Fresh At Number 8...

Number eight has to go to Apple's iCloud. Apple's executives, especially Tim Cook, have loved to put up slides showing that 99% of mobile malware is found on Android devices and that our favorite operating system is a bubbling hellbrew of malware. And how Apple was far more secure. Right until hackers distributed two hundred "personal" (read: naked) images of celebrities taken straight from iCloud backups. And even though this was a password hack and Apple's systems weren't to blame, they still took time to shore up their security.

I wanted to put the iCloud naked picture leak higher than position eight, but then iOS 8.0.1 gets in the way. This update to the iPhone was released shortly after the iPhone 6 and 6 Plus. Legions of Apple fans, those who had waited in line for hours on end to be amongst the first ten million to have the device, were rewarded with a software update that prevented their device from connecting to the cell network. Although Apple claim that the issue "hurt less than 40,000 people," as I'll on to, Apple appear to have a different way of counting compared with the rest of the world.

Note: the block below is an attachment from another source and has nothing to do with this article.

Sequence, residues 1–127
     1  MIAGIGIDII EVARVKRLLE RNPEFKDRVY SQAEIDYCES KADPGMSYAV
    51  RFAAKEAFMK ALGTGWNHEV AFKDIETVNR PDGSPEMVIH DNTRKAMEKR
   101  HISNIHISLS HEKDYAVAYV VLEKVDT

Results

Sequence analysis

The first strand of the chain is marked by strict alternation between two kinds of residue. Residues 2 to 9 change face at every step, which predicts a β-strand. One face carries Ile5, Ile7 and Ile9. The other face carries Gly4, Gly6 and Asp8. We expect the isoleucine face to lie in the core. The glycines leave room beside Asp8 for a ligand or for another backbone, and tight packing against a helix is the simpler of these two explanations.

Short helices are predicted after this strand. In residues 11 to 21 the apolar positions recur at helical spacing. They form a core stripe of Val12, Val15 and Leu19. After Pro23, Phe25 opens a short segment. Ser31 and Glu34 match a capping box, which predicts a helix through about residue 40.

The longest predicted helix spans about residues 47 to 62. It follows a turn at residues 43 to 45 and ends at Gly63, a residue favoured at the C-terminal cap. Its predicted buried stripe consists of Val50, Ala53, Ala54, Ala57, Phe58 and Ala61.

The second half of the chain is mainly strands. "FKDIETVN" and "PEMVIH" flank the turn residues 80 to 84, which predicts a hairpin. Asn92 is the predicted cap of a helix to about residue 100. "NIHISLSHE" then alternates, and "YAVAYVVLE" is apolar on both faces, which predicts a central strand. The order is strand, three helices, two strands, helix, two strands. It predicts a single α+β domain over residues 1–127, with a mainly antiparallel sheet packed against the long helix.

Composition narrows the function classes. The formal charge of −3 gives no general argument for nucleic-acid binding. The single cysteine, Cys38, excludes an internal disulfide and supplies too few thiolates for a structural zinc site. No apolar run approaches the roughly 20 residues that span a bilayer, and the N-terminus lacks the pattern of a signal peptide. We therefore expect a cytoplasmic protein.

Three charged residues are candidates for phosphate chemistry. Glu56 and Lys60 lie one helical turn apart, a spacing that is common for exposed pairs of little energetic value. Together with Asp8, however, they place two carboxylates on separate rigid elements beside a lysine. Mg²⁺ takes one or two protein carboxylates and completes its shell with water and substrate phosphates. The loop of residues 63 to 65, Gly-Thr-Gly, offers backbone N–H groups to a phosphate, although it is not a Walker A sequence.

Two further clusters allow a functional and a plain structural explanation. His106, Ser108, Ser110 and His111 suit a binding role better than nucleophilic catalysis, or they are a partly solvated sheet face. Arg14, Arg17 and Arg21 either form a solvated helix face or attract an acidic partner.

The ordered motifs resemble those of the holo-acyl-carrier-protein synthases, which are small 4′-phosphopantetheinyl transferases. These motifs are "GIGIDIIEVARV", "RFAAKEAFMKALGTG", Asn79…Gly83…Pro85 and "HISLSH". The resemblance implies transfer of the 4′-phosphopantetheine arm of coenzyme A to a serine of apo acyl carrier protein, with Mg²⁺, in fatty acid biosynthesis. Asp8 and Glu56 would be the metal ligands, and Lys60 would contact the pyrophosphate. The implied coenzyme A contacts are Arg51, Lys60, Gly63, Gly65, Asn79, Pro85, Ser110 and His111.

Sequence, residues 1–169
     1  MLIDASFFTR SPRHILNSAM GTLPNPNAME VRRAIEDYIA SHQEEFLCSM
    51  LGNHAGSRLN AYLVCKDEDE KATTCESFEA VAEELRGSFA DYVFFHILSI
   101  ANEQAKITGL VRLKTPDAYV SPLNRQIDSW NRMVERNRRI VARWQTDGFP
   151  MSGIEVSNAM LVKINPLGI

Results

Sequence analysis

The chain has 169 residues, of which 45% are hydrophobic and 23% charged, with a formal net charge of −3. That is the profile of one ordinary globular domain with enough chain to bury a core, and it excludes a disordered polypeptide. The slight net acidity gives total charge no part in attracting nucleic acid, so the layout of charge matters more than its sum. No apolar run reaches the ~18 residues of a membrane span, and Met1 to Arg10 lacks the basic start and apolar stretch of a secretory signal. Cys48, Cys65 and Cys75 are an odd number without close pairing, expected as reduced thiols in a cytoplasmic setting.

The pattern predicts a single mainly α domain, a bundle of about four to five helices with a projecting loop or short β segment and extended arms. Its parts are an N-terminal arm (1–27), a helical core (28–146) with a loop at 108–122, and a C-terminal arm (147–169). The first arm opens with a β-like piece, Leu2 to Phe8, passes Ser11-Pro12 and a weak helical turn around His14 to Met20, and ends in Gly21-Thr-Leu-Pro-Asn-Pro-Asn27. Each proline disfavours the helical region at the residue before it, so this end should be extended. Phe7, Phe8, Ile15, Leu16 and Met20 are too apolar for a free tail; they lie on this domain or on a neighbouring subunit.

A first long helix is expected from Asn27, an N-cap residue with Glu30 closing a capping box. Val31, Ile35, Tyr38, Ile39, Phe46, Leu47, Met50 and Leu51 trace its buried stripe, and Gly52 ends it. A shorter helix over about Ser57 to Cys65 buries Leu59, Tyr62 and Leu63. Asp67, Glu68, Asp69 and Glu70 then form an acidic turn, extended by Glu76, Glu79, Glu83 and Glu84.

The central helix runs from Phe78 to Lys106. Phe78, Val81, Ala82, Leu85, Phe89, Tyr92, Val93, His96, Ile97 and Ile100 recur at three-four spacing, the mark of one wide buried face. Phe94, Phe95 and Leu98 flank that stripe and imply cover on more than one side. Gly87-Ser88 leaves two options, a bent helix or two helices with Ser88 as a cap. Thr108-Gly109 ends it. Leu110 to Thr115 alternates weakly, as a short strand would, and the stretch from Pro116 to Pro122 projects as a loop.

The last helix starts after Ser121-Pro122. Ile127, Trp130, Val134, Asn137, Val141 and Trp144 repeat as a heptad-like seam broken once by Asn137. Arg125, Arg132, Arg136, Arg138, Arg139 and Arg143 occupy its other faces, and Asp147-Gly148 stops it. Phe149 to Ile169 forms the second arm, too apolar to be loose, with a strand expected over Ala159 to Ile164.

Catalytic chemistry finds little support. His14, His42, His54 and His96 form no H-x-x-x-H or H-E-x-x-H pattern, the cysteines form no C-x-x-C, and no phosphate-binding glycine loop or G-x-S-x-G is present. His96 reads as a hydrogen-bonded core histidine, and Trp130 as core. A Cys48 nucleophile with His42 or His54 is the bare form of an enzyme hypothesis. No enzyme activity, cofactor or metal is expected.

AT Number 7...

At number seven, I'm putting Uber's recruitment of David Plouffe. Transport specialist business Uber, infamous for launching their service even in areas where it's considered illegal, hired David Plouffe to improve their reputation and help manage their discussions with governments around the world. Unfortunately, things haven't entirely gone to plan. An Uber executive said that the business can spend $1 million on an investigative unit to attack critics, the Chief Executive Officer admitted to meddling with rival's funding efforts, another executive was caught spying on a journalist. The business is getting plenty of attention but unfortunately its businesses are being shut down across the world.